angel shrines

Oak-corns and Apple-thorns

February, 2013

Angel Shrines and Dividing Lines

One recent study showed that more Americans believe in angels than in Climate Change.  Another showed that two thirds of Canadians believe in angels.  Although Britons are more skeptical than Americans and Canadians, I found strong poll numbers in Europe, New Zealand, and South Africa.  Another study showed that over 90% of sub-Saharan Muslims believe in angels.  Angels seems to poll rather well regardless of country, culture, or religious affiliation.  I even found one study showing that 8% of atheists believe in angels.

They say that to avoid conflict you shouldn’t discuss religion or politics around the hors d’oeuvres.  But guess what — it just may be okay to talk about angels.

Don’t have much experience with angels?  Make yourself a shrine and get started.

To make my shrine I started with a wooden wine crate.  I gave it a coat of paint — blue on the outside and gold on the inside — and a then selected some decorations from what I had around the house.  I found a greeting card with an attractive angel image and used that for the centerpiece (Witchy tip: Save greeting cards with pretty images.  They come in handy for arts and crafts, can be used in spell casting, as a connection to loved ones after they’ve passed, as focal points for meditation, etc etc.).  We had a bag of glass and plastic gemstones in the craft box left over from a project a few years back, and those I hot-glued around the image.  About ten years ago my daughter broke a mirror, and had put the shards in a mason jar in the windowsill to reflect light and chase away evil spirits (there’s another witchy tip for you).  I hot-glued the pieces of mirror around the walls and top to enhance the effect of the light inside.  As I come across flat, shiny objects I’ll be continuing to adorn.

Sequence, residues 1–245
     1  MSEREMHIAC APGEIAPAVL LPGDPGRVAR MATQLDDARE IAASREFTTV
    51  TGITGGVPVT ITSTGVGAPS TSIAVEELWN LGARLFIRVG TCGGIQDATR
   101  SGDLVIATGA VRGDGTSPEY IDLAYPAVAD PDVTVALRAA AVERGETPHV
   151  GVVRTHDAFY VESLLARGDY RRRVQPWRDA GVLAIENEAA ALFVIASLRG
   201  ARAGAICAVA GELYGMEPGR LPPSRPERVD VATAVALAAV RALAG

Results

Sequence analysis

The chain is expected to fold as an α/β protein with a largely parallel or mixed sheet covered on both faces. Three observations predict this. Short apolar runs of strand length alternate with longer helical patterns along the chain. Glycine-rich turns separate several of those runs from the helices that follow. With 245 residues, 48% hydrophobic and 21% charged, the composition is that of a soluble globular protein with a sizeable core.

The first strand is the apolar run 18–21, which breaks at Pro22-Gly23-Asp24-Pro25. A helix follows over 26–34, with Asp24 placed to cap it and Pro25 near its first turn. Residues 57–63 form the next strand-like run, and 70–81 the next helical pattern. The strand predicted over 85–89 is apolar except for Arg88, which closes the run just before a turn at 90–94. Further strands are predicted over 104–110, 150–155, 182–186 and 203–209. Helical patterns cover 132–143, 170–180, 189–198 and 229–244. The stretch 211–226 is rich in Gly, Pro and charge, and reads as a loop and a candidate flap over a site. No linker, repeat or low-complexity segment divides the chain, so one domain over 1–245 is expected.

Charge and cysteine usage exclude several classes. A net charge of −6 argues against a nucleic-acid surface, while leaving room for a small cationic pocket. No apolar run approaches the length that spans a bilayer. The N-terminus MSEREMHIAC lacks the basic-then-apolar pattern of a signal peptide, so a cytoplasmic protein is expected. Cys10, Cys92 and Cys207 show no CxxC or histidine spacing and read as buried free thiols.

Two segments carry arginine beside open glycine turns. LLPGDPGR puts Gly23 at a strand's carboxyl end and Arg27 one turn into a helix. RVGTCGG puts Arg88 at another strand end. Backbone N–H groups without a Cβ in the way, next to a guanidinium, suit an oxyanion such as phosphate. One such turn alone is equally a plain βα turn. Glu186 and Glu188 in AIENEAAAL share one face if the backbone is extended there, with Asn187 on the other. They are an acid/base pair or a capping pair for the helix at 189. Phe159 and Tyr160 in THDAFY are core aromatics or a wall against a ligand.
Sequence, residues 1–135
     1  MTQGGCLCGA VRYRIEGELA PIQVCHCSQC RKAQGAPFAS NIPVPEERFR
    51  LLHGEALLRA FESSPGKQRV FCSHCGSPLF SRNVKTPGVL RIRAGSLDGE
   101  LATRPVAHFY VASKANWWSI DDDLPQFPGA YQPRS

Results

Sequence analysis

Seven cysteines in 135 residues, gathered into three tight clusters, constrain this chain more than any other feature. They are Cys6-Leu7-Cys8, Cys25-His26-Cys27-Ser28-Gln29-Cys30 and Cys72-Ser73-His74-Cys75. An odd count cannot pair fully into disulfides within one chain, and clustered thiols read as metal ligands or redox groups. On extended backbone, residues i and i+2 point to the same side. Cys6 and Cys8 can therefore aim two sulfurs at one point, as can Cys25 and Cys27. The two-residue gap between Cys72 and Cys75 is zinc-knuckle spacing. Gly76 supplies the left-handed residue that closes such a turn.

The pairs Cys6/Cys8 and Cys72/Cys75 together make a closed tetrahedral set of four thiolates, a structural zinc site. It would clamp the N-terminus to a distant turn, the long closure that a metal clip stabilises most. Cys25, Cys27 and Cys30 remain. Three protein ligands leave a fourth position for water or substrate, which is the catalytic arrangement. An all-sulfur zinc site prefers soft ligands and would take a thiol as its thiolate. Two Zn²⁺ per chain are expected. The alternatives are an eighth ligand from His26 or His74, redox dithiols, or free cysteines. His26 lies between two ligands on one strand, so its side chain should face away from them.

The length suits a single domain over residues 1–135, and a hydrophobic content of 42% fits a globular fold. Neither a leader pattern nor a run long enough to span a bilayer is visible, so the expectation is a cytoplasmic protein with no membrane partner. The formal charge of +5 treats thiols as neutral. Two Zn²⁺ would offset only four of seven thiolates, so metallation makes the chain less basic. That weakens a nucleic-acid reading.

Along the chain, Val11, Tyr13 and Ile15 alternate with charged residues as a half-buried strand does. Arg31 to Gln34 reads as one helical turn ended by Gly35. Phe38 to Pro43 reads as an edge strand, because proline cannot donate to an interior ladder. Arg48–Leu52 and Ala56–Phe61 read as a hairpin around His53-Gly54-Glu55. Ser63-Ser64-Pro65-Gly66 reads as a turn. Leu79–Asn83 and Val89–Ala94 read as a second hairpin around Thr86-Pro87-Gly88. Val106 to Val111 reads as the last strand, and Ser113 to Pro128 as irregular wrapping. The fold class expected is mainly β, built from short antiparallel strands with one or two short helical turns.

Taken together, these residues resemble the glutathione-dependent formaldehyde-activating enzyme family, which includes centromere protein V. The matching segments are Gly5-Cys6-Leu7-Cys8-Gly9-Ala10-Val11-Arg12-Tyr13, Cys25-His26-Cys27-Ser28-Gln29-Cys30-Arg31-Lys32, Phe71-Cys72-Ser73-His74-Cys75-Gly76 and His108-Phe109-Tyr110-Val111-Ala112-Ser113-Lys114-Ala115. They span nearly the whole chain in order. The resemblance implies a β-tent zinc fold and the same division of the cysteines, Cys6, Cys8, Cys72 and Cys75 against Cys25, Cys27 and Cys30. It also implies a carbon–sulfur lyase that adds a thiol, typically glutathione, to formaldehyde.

When your shrine is complete, give it a spiritual cleansing and consecrate it with some sacred words, bless it with oil, smoke, water, and salt, and get work.  If you make one like mine, you’ll find that it’s easily portable.  Carry it outside for a garden prayer session, take it with you to a group meeting or to a sick friend’s house to work a healing, or just move it around the house for the sake of convenience.

There are thousands of angels, maybe even one for each person, perhaps even an infinite number.  Start with a popular angel, the angel associated with your birthstone, the patron saint of your occupation, or pick one from a book, myth, story, or tale that touches you.  Use your shrine to make an offering to the angel of your choice.  Get to know a one or two.

Just remember that no mater which angel you choose, somebody somewhere is doing the same thing.  They may be next door or half a world away, in a hidden grotto or a mighty cathedral’s pew, on a ratty mattress in a blood-soaked city or in a suburban rancher’s lacy bedchamber; they may be asking for health or safety, peace or vengeance, energy or calm.  Just remember you’re not alone.